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Notes from Neil Gaiman’s Masterclass on fiction writing: “The best short stories are the last chapter of a novel I didn’t write”

If you haven’t read @neilhimself, start with The Graveyard Book (Newbery, Carnegie winner). An incredible story and a singular storyteller.

8 bits of Kevin Kelly’s 68 Bits of Unsolicited Advice
Thursday April 30, 2020

Source: Syfy.com A great list from a great writer and thinker. His book What Technology Wants permanently re-framed how I understood the internet and tech innovation. Original article here. Being enthusiastic is worth 25 IQ points. A worthy goal for a year is to learn enough about a subject so that you can’t believe how […]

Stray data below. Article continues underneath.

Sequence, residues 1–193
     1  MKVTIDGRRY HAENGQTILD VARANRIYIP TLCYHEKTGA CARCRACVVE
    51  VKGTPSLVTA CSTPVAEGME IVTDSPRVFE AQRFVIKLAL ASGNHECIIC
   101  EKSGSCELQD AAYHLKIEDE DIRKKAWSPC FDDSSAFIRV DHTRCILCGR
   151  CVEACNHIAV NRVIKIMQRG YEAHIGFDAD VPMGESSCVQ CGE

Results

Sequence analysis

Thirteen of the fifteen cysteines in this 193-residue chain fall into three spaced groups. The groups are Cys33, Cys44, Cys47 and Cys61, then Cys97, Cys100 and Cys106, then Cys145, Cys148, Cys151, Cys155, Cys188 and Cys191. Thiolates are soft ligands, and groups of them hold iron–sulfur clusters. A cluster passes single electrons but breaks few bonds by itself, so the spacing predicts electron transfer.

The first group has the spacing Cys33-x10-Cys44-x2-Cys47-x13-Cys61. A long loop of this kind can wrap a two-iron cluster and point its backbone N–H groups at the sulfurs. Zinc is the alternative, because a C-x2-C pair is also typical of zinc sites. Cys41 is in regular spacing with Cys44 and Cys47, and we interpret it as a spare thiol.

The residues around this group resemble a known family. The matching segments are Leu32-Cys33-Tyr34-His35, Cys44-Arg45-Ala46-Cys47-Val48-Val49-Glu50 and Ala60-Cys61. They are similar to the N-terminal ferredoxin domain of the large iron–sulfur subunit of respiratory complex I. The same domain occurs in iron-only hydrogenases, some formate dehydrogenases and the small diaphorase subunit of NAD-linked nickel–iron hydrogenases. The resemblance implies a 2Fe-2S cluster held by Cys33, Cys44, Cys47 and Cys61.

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Here are my edited notes from his Masterclass:

Chile. Covid-19 lockdown hit market down 72.7% in April
Monday May 25, 2020

Chilean Vehicles Market in April plummeted 72.7% with 8.893 sales, as lockdown measures imposed on late March were held through the month in order to contain the Covid-19 spread. Indeed, Year to Date figures were 85.099 (-32.8%).The post Chile. Covid-19 lockdown hit market down 72.7% in April appeared first on https://focus2move.com.